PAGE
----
A study published recently in the journal Obesity Research & Clinical Practice found that it's harder for adults to keep their weight today than it was for adults 20 or 30 years ago. And this is even when they eat the same amount of food and do the same amount of exercise.
More specifically, the researchers saw that a person in 2006 having the same calorie, protein, and fat intake, and exercising the same amount as a person of the same age in 1988 has a BMI that was 2.3 points higher! That means people now are about 10 percent heavier than people in the '80s even if they have the same diet plan and workout. WHAT GIVES? Does this mean we have to eat less and exercise more to keep our figures?
Well, yes. But one of the researchers says that maybe there's something else apart from diet and exercise that's making us more prone to weight gain and obesity. Jennifer Kuk, a professor of health science at York University Toronto, listed three factors as to why, although as of now they're still hypotheses:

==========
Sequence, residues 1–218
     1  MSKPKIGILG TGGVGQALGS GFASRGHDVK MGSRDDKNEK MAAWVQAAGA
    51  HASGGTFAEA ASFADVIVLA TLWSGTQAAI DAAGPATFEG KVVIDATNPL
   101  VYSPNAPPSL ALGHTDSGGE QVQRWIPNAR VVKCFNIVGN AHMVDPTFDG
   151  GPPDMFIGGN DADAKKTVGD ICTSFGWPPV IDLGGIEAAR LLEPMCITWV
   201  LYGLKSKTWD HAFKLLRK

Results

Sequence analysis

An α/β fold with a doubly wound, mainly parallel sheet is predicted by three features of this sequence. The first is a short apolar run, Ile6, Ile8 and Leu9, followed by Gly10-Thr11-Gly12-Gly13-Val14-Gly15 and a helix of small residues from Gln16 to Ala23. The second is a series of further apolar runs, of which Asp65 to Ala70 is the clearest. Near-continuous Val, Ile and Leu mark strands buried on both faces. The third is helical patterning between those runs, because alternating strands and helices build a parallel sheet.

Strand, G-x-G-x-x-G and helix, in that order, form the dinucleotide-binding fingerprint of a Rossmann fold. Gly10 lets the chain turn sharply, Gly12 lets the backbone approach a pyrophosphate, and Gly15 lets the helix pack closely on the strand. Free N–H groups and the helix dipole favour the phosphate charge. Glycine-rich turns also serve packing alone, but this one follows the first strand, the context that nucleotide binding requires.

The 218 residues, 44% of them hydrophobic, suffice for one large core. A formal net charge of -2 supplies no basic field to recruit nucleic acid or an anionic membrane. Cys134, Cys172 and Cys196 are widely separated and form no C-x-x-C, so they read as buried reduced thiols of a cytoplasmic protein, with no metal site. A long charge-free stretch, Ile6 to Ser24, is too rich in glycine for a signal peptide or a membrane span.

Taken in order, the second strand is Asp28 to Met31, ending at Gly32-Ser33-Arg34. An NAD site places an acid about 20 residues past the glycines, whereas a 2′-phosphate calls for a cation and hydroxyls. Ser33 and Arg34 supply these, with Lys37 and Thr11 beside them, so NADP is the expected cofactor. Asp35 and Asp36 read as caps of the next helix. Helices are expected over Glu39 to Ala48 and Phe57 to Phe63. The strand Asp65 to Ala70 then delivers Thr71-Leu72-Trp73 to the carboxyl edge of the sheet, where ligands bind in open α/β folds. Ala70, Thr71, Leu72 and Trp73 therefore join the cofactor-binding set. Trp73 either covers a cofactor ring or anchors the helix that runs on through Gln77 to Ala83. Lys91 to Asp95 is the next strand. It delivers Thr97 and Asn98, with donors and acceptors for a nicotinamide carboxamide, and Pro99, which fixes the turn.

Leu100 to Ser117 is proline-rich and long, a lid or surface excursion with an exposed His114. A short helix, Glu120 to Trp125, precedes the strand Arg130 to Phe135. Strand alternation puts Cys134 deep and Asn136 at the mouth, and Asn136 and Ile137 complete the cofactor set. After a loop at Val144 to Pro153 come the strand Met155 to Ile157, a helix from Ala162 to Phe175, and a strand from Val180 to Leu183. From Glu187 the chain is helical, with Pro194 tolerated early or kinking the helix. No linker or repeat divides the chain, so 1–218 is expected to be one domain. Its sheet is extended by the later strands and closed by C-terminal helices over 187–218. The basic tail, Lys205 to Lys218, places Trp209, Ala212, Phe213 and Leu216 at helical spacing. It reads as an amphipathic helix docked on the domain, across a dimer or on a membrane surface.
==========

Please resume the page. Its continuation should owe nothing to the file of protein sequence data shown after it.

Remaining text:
1. People now are more exposed to chemicals that might result in weight gain. These could be pesticides and hormone-altering substances used in food processing.
2. People's use of antidepressants have also risen in the past decades, and studies have found a link between these prescribed drugs and weight gain.
3. The microbiomes (microanimals that live in the human body like bacteria and fungi) might have changed too. Some bacteria in the stomach can make one more prone to gaining weight and becoming obese than others. It's possible that the change is caused by eating meat loaded with hormones and antibiotics, or eating food loaded with artificial sweeteners.
On one hand there seems to be a call for awareness for what we eat. But the researchers also want to go beyond that and tell everyone to be kinder to all people with different body types. Jennifer says there's a huge stigma against people who are obese, since they're judged as lazy or not having self-control. This research shows they're not entirely to blame. Thank you, science.
Source: The Atlantic
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